2011 Spring, Pg. 21. Legislative study commission examines death penalty in New Hampshire.

Author:By Danielle Richey Santuccio
 
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New Hampshire Bar Journal

2011.

2011 Spring, Pg. 21.

Legislative study commission examines death penalty in New Hampshire

New Hampshire Bar JournalVolume 52, No. 1Spring 2011Legislative study commission examines death penalty in New HampshireBy Danielle Richey SantuccioEditor's note: The Commission to Study the Death Penalty in New Hampshire met almost monthly through 2010 and issued its report in the fall of 2010. The Commission's overall fnding was that the state's death penalty should be preserved but not expanded (see accompanying statement), but a minority report, advocating abolition of the death penalty was also presented. Several commission members issued their own personal commentaries based on their views as shaped by their experiences and the testimony they heard while serving on the commission, some of which are excerpted in the following pages. This article provides an overview of the work of the Commission, with particular attention to several issues that the author felt deserving of greater attention. For the Commission's report itself, visitwww.nh.gov, click on Legislative Branch and choose Statutory and Study Committees to fnd the Commission to Study the Death Penalty in New Hampshire, 2010 Final Report (Actual link is a 180-page PDF at: http://www. gencourt.state.nh.us/statstudcomm/reports/2009.pdf).

Postscript: At deadline time for this issue, the New Hampshire House of Representatives has passed HB147 which expands eligibility of the death penalty to include persons who commit murder "while in another's residence, while attempting to enter another's residence, or as a consequence of having been in another's residence, without invitation or right." The Senate has not yet acted on the bill.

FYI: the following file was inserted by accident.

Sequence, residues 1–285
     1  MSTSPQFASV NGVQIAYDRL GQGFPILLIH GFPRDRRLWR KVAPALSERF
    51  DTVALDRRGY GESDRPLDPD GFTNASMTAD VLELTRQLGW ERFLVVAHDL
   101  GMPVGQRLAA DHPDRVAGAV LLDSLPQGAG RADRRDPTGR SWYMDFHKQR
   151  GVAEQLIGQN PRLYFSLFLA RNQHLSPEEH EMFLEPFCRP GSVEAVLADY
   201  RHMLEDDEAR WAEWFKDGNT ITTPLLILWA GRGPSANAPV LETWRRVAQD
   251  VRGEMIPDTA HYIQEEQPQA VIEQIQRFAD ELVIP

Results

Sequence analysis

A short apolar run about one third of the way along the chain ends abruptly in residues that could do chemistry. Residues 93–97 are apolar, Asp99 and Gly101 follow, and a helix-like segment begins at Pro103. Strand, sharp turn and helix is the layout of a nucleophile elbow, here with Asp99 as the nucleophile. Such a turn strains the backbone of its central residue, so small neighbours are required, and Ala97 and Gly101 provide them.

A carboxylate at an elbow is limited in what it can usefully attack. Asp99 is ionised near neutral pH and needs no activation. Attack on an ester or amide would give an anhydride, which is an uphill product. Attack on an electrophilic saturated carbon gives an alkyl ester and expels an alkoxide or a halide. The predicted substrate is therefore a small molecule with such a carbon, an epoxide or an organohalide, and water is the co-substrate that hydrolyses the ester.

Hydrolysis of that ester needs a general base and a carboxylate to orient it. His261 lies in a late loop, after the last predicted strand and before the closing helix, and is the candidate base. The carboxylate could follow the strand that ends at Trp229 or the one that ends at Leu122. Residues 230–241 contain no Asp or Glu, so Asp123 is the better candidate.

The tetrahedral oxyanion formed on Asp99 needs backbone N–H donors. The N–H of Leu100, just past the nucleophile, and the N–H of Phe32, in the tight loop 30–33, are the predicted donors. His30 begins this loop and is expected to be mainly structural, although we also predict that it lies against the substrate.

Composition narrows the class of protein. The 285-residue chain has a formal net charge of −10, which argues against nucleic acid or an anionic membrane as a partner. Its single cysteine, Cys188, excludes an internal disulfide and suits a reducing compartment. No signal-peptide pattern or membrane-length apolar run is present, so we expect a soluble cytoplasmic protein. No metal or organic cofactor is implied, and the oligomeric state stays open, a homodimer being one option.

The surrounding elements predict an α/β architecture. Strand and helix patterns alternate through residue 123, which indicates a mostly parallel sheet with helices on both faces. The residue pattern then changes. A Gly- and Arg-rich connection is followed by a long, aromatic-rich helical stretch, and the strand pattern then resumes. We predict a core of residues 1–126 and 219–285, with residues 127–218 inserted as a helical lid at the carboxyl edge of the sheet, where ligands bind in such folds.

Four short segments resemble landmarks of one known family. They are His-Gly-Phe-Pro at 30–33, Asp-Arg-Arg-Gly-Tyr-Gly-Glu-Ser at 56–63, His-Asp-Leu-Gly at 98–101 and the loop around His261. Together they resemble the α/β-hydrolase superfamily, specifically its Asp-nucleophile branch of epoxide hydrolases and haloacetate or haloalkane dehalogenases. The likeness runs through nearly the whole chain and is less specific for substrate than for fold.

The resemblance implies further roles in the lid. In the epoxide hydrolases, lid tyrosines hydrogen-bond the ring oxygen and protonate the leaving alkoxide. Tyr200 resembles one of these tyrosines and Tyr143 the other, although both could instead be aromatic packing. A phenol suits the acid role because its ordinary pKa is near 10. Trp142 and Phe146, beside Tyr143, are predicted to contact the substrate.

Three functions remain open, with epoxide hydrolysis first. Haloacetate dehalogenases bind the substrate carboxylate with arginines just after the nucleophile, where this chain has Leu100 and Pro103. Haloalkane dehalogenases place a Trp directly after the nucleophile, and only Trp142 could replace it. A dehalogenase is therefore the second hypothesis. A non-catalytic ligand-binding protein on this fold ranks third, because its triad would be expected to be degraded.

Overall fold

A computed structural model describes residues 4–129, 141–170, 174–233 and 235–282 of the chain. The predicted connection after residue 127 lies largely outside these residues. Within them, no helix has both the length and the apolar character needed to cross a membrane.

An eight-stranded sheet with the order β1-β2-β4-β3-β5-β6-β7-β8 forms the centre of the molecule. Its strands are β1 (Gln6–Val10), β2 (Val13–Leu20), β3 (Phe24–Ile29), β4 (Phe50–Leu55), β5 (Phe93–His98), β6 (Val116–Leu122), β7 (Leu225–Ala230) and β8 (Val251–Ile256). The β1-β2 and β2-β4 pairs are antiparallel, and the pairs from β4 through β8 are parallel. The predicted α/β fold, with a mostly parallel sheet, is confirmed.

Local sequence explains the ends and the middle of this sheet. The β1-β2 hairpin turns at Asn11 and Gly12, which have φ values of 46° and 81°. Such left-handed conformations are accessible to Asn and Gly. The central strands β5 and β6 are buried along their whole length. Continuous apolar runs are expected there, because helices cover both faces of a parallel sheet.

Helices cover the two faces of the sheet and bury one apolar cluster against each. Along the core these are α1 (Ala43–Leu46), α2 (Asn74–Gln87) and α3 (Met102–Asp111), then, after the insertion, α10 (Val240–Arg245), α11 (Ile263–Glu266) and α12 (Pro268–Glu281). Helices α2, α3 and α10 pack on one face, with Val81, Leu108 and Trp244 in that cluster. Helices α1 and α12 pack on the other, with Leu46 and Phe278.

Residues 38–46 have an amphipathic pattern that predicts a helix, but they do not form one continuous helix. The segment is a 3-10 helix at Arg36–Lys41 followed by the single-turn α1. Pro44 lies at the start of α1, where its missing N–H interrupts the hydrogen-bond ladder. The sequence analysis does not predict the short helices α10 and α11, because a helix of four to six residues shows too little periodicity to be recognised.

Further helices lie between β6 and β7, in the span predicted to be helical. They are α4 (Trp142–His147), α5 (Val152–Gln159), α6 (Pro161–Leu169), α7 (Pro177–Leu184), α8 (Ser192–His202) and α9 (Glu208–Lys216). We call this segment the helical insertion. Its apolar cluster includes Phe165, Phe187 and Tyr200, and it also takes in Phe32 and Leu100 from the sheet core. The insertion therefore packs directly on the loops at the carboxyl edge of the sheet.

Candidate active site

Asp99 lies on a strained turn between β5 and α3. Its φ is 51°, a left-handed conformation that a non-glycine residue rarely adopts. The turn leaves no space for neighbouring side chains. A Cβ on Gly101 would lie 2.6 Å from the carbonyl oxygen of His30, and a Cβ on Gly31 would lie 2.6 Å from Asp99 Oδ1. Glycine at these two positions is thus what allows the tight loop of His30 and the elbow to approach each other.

Introduction

This article provides the reader with the relevant history of the death penalty statute in New Hampshire; its application and evolution, as well as a synopsis of both the majority and minority reports. Lastly it provides the reader with further detail on issues not expanded upon in the reports.

In 2009, New Hampshire House Bill 520(fn1) established a Commission to Study the Death Penalty in New Hampshire. The bill was, in part, a reaction to current events in New Hampshire, namely two recent capital murder trials, and the frst death sentence imposed on a New Hampshire defendant in decades. The commission was tasked with addressing the death penalty and its place in the New Hampshire criminal sentencing structure and to issue a report on the following:

1. Whether the death penalty in New Hampshire rationally serves a legitimate public interest such as general deterrence, specifc deterrence, punishment, or instilling confdence in the criminal justice system.

2. Whether the death penalty in New Hampshire is consistent with evolving societal standards of decency 3. Whether the decision to seek the death penalty through the penalty phase of trial for defendants who are eligible to receive the death penalty in New Hampshire is arbitrary, unfair, or discriminatory. 4. Whether the current capital murder statute in New Hampshire properly encompasses the types of murder which should be eligible for the death penalty or whether the scope of the current capital murder statute should be expanded, narrowed, or otherwise altered, including an analysis of the types of murder covered by the current capital murder statute and any aggravating and mitigating circumstances listed in the statute. 5. Whether alternatives to the death penalty exist that would suffciently ensure public safety and address other legitimate social and penal interests, and the interests of families of victims of crime. 6. Whether, in New Hampshire, there is a signifcant difference in the cost of prosecution and incarceration of a frst degree murder case where the penalty is life without parole as compared with the cost of a death penalty case from prosecution to execution. 7. Any other issues relevant to the death penalty in New Hampshire.(fn2)

Commission Begins Its Work